This briefing covers conversation on social media and legacy media, generated by the documentary Seaspiracy. Data collection took place from 20th March to 13th April (beginning a few days before the official documentary launch).
This briefing tracks the evolution of the conversation through social media and online English language legacy media, through a communications lens. This analysis of the conversation has formed the basis for our evolving communication recommendations. The analysis does not offer a deep dive into specific issues of controversy in the documentary’s content, however it does include links to several articles that do this.
This briefing includes:
- Our communications recommendations
- Our view of Seaspiracy as a communications product
- Social media and news coverage analysis.
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Summary of findings
|Seaspiracy has generated a huge amount of coverage in the social media sphere and online news media since its launch on 24th March. In our data collection we have seen Seaspiracy covered by outlets and engaging audiences that are not usually part of the ocean conversation. Although the content of the documentary is the subject of much controversy, the noise it has created around ocean issues is undeniable.|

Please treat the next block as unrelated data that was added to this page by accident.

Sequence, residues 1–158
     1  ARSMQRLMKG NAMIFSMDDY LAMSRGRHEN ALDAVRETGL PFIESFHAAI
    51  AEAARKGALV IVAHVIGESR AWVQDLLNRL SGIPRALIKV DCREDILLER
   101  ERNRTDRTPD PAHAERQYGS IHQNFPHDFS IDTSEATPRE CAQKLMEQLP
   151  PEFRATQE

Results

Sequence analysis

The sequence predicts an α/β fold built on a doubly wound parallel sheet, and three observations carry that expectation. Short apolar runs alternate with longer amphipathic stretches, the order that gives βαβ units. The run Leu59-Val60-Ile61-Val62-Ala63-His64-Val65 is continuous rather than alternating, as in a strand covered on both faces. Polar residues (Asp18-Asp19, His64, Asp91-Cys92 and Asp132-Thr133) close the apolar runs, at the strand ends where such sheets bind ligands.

The analysis covers the evolution of the Seaspiracy conversation through three broad phases. The first phase is the ‘buzz’ phase of the documentary, which was characterised by a rapidly growing awareness, highly emotional reactions, and social media and media alike encouraging people to watch it. The second phase was dominated by a mass volume of reaction to the documentary, which was accompanied by online aggression and a plethora of fact-checking media coverage. In the third phase of the conversation, the heat began to die down and space has developed for more considered, balanced conversations around the extent to which the documentary and its contents are helpful or unhelpful to ocean action. Our recommendations have been updated to reflect this evolution.